Ex-Cons' Futures Shaky Without More Support


By Wayne Jebian
Jose Santos is in the Project Malta program for ex-cons.
Minnie Gonzalez, the Democrat state representative from Hartford’s 3rd District, is visibly frustrated. When she talks about the life challenges facing ex-offenders upon release from Connecticut prisons, the anger in her voice speaks volumes about the experiences of her constituents, her neighbors in Hartford, and her own family. “Listen, I’m a mother. I know about this,” she says.
“They come out, they start looking for a job, they can’t find a job,” Gonzalez says, describing what she has witnessed for too many years with people released from incarceration. “Sometimes they can’t find training. What do you think they’re gonna do? They will go back to the corner and sell drugs, because one way or another, they have to survive.”
Gonzalez is skeptical the state Department of Correction is doing enough and thinks it should do more. “In my community, when people get out of jail, they call me and they say, ‘Can you help me get a job?’ Did they get any training when they were on the inside? Nothing,” she said.

Change in Mission

The Department of Correction, however, insists it has changed its perspective from a focus on incarceration to treatment and rehabilitation. “Around six or seven years ago, the Department of Correction changed its mission,” said Brian Garnett, its director of external affairs. “We previously had been doing an incarceration model, if you will, where we basically locked people down; we incapacitated them.” Now, Garnett said, the department assesses the needs of each inmate upon arrival and attempts to provide GED training, drug treatment and other forms of rehabilitation like parenting and anger management courses.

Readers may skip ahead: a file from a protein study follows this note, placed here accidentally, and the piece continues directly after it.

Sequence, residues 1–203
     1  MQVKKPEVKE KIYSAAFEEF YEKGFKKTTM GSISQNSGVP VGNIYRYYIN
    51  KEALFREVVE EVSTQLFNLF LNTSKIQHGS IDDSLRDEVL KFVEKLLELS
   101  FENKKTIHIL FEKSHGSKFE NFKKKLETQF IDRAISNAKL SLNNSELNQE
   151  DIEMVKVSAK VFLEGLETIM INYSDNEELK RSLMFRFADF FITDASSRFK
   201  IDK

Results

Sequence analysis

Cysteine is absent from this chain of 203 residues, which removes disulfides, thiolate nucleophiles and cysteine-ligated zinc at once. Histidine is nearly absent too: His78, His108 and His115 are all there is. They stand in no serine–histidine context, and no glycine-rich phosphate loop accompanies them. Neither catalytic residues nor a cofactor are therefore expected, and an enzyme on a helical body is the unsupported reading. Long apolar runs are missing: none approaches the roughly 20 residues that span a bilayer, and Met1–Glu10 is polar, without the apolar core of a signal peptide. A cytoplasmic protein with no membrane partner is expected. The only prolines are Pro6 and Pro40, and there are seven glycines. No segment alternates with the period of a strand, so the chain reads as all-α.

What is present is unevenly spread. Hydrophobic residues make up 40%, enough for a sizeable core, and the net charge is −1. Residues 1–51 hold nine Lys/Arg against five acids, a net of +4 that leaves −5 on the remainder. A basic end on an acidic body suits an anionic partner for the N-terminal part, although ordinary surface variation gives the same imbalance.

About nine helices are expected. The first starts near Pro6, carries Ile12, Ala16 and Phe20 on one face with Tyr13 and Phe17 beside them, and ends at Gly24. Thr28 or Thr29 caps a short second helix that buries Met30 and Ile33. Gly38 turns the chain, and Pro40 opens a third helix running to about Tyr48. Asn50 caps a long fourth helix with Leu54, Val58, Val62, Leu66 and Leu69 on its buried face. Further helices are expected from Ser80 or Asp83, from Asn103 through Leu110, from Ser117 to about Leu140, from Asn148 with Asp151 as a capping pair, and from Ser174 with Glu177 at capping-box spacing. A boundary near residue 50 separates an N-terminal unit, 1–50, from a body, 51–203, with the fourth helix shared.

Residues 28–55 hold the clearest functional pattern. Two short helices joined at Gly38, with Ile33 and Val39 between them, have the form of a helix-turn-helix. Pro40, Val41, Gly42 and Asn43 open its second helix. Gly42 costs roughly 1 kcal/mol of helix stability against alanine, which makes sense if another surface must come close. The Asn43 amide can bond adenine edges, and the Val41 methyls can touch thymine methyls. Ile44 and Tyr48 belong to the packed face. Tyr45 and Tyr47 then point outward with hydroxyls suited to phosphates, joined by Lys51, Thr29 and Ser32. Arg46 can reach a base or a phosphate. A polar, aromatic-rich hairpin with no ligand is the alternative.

Garnett said that the department takes a global perspective on inmate rehabilitation and that it has improved coordination with post-release services like housing and job placement. “We spend about $40 million per year on our community-based efforts,” he said. “Much of that is halfway houses. We believe very strongly that it is not the best practice, not to, on the last day of their incarceration, swing the gate open, shuffle you out the front door and say, ‘good luck’.”
It is also possible that job, housing and rehabilitation programs are not evenly distributed throughout the state. “Can more be done?” asked Garnett. “Obviously more can be done. This is a daunting task.” If Gonzalez’ experiences represent that of one family in Hartford, it might be instructive to look at Bridgeport.
John Santa, retired president of Santa Energy
There, business owner John Santa is a rare creature: an employer willing to hire ex-convicts. “It’s with enlightened self interest that any of us consider hiring an ex-offender,” he said, “because 95% of people who go to prison get out of prison. When they are in prison, they are $36,000 wards of the state of Connecticut. When they get out of prison, they could be taxpayers to the state of Connecticut.”
For many years Santa hired ex-inmates at Santa Energy Corporation of Bridgeport, where he used to be president. To hear him speak, Santa has a higher opinion of many ex-cons than of officials in past administrations who took a, “trauma/jail, throw-away-the-key, feed ’em bread and water and to hell with ’em” view of inmates, Santa said, with former Gov. (and federal inmate) John “Rowland being the most egregious of them.”